14

14. Cedera pada sektor ini bisa menyebabkan masalah memori yang lalu.
A. CA1
B. CA2
C. CA3
D. CA4
E. Griseum indusium
F. Girus dentate
G. Bukan, A-F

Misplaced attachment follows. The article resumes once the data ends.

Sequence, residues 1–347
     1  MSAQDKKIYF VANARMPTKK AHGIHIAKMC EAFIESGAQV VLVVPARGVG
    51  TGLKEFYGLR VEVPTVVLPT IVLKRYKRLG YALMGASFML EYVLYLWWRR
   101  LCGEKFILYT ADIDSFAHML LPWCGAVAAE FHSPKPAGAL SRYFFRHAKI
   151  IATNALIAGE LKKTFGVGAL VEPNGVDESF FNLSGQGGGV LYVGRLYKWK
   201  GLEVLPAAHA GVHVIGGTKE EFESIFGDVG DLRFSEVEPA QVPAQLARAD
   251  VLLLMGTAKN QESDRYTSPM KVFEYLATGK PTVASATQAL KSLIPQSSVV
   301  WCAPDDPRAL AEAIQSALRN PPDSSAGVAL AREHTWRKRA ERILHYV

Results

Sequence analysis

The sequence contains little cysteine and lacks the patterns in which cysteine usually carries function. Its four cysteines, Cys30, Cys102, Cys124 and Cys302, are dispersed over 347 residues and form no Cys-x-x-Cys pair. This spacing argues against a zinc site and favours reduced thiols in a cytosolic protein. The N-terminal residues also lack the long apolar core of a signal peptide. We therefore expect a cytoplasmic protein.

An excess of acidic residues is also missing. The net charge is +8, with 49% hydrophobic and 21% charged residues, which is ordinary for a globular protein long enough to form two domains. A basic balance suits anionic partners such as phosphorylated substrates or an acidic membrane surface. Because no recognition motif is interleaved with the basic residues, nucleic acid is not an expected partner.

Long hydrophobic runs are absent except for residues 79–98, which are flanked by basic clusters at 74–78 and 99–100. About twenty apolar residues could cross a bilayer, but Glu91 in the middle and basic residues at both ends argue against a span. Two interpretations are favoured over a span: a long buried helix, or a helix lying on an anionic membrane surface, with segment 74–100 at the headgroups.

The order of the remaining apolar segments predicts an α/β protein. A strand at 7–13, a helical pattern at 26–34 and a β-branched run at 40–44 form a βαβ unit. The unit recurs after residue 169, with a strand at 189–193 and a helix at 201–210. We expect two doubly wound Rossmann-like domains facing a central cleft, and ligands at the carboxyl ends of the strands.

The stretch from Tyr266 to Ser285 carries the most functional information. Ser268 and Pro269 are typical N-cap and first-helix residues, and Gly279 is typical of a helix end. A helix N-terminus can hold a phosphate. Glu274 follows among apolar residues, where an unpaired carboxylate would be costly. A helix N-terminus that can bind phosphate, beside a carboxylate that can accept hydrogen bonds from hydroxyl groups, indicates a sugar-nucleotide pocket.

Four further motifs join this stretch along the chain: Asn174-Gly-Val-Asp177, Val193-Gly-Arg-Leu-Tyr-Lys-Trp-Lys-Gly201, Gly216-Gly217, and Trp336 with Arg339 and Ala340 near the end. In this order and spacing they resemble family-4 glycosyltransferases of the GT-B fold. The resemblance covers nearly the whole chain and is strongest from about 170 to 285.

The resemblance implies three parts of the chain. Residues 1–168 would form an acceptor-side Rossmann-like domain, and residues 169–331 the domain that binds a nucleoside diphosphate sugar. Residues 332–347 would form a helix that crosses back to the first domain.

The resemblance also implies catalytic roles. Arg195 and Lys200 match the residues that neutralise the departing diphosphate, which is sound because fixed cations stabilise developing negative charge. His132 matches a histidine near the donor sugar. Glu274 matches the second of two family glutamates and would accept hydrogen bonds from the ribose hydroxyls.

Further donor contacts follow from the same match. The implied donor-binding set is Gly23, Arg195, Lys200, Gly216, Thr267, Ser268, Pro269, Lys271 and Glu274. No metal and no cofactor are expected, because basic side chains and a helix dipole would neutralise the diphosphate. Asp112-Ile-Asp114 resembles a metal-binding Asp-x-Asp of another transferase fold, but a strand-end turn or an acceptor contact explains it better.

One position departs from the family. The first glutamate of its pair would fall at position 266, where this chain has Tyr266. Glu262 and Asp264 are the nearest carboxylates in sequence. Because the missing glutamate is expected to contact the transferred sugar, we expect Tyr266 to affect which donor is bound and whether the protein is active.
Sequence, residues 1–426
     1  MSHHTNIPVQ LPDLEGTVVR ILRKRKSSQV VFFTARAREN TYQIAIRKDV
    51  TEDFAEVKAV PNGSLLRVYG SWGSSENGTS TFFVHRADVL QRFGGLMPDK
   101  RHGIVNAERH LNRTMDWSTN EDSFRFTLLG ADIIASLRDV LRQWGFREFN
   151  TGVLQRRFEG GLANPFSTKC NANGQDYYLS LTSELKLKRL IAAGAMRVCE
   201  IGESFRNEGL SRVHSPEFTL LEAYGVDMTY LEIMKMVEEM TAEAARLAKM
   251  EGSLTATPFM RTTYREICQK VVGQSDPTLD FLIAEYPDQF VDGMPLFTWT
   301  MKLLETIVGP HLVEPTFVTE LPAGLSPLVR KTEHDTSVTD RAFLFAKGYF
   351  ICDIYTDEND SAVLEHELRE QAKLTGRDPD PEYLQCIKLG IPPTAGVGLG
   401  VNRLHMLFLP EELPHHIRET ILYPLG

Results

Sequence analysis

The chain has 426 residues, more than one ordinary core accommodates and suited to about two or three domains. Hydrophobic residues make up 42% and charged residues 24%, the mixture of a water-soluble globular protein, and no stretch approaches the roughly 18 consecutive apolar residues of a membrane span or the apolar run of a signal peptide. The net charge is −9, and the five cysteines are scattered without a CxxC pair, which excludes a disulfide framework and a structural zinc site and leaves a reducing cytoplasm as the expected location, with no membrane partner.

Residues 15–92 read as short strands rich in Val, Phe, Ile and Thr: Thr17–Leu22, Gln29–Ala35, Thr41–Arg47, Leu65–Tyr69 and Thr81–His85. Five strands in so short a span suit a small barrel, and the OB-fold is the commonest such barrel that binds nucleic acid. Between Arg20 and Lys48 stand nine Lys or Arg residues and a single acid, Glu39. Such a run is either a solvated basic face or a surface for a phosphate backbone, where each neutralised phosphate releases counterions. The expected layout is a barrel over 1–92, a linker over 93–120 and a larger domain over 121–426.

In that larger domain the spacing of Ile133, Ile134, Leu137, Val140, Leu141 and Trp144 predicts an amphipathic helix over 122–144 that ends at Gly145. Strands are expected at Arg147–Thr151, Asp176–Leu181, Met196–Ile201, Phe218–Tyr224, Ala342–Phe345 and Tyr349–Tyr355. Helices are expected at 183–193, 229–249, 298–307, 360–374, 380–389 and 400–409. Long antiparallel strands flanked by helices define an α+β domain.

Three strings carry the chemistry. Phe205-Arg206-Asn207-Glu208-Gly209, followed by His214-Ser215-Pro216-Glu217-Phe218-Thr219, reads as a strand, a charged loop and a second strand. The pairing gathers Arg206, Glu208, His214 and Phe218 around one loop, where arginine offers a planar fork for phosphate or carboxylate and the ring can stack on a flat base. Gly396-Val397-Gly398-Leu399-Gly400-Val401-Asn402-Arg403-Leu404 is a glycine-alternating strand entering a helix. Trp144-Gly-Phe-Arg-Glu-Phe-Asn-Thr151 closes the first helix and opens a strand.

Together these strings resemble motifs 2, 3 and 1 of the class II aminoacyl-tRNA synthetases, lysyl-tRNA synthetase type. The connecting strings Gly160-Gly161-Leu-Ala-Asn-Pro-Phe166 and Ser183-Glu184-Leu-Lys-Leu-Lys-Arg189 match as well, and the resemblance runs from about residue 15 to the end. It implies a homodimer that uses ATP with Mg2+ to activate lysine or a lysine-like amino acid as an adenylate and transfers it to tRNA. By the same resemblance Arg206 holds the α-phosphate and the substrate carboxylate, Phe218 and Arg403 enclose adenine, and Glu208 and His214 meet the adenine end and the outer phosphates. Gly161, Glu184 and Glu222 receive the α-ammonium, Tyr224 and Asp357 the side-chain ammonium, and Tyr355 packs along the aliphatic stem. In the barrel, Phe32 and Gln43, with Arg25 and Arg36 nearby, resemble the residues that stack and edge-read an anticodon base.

(G) The hippocampal formation includes the hippocampus, dentate gyrus, and subiculum. The hippocampus and dentate gyrus form interlocking C-shaped structures when viewed in transverse section. Both structures also contain three cortical layers, which is characteristic of the archicortex. The hippocampus is found in the floor of the temporal horn and is composed of the molecular, pyramidal, and poly- morphic layers. The neurons of the hippocampus reside in the pyramidal layer and have extensive apical dendrites that project to the molecular layer. Terminal axons from several sources, including the dentate gyrus and entorhinal cortex, synapse with pyramidal cell dendrites in the molecular layer. The polymorphic layer contains basal dendrites and axons of pyramidal cells. The axons of hippocampal pyramidal cells have extensive collateral branching patterns. The hippocampus can be further subdivided into four regions, namely CAl , CA2, CA3, and CA4. CAl is the largest sector and is continuous with the subiculum, which is located in the parahippocampal gyrus and joins the hippocampal formation to the entorhinal cortex. CAl is also called Sommer's sector and is extremely vulnerable to hypoxia. The CA2 subfield is a short transitional region between the more extensive CA3 and CAl subfields. CA3 (harbors largest pyramidal cells of hippocampus) is located at the genu and enters the dentate gyrus and is relatively resistant to hypoxia. CA4 lies in the concavity of the dentate gyrus, and represents the transition zone into this structure. morphic layers. The neurons of the hippocampus reside in the pyramidal layer and have extensive apical dendrites that project to the molecular layer. Terminal axons from several sources, including the dentate gyrus and entorhinal cortex, synapse with pyramidal cell dendrites in the molecular layer. The polymorphic layer contains basal dendrites and axons of pyramidal cells. The axons of hippocampal pyramidal cells have extensive collateral branching patterns. The hippocampus can be further subdivided into four regions, namely CAl , CA2, CA3, and CA4. CAl is the largest sector and is continuous with the subiculum, which is located in the parahippocampal gyrus and joins the hippocampal formation to the entorhinal cortex. CAl is also called Sommer's sector and is extremely vulnerable to hypoxia. The CA2 subfield is a short transitional region between the more extensive CA3 and CAl subfields. CA3 (harbors largest pyramidal cells of hippocampus) is located at the genu and enters the dentate gyrus and is relatively resistant to hypoxia. CA4 lies in the concavity of the dentate gyrus, and represents the transition zone into this structure. The dentate gyrus also consists of three layers: the molecular, granular, and polymorphic. The granule cells (of the granular layer) have dendritic trees that extend into .the molecular layer and axons within the polymorphic layer. The subiculum is located in the superior part of the parahippocampal gyrus and is buried in the ventral bank of the hippocampal fissure. The subiculum forms the transition between the trilaminar hippocampus and the six layers of the entorhinal cortex (area 28); like the dentate gyrus and hippocampus, it also contains three cortical layers: a superficial molecular layer, a deeper polymorphic layer, and a pyramidal layer which lies in between them . The hippocampus contains three major intrinsic pathways, including the perforant pathway, Schaffer collateral pathway, and mossy fiber pathway. The serial flow of information begins in the entorhinal cortex, which is believed to be the first leg of a multisynaptic loop that flows through the hippocampal formation. Information from the entorhinal cortex (area 28) is first projected to the granule cells of the dentate gyrus via the perforant pathway. It is called the perforant pathway because the fibers perforate the hippocampal formation before reaching the granular cell dendrites of the dentate gyrus (located in the molecular layer). The granule cells of the dentate gyrus, in turn, send a dense projection of axons, or mossy fibers, to the molecular layer of the CAJ subfield, where they synapse on the apical dendrites of pyramidal neurons. Axons from CAJ then bifurcate into two pathways. One pathway enters the alveus to exit the hippocampus in the fibers of the fornix; the other includes Schaffer collaterals, which project to the pyramidal neurons of CAl, which, in turn, project back to the subiculum. Finally, neurons from the subiculum complete this multisynaptic loop through the hippocampal formation by sending axons back to the entorhinal cortex. These pathways form the intrinsic connections within the hippocampal formation that are involved in long-term potentiation. With long-term potentiation, small stimuli result in increased and prolonged postsynaptic potentials of target neurons (facilitation) , and this often involves the NMOA receptor. Long-term potentiation involves depolarization and activation of NMOA receptors and/or voltage dependent calcium channels as well as release of calcium from intracellular stores. This increase in intracellular calcium results in activation of specific intracellular transduction cascades, including gene transduction, resulting in long-lasting modifications of synaptic integrity. The fornix represents the primary efferent projections of the hippocampal formation (subiculum and hippocampus) . The fornix passes under the splenium of the corpus callosum (crura) , after which the crura join to form the body of the fornix, which curves around to the rostral thalamus. The body of the fornix then divides into the anterior columns of the fornix that curve ventrally to the foramina of 1vlonro. The fornix then divides into precommissural and postcommissural fibers at the anterior commissure. Precommissural CHAPTER 2 Neuroanatomy Answers 37 fibers project to the septal nuclei. Postcommissural fibers project to the mammillary body, hypothalamus, septal region, medial frontal cortex, and anterior thalamus. A small number of postcommissural fibers project to the midbrain tegmentum. Collateral projections also exit the fornix at various points along its course and project to neocortical association areas. The majority of fibers that enter the fornix originate in the subiculum, which in turn receives extensive input from the hippocampus and dentate gyrus. The anterior hippocampus also has direct efferent projections to the amygdala. Vestigial remnants of the hippocampal formation include the indusium griseum (supracallosal gyrus), which connects to the dentate gyrus via the fasciolar gyrus. The hippocampus is involved with recent memory and encoding of new memories into long-term storage. Bilateral hippocampal lesions result in marked deficits in short term memory, inability to acquire new information and skills, and mild behavioral changes, while memory for remote events is usually unaffected (Carpenter, pp. 369-3 76; Kandel, pp. 1259-1260; Pritchard , pp. 3 7 7-380 ) .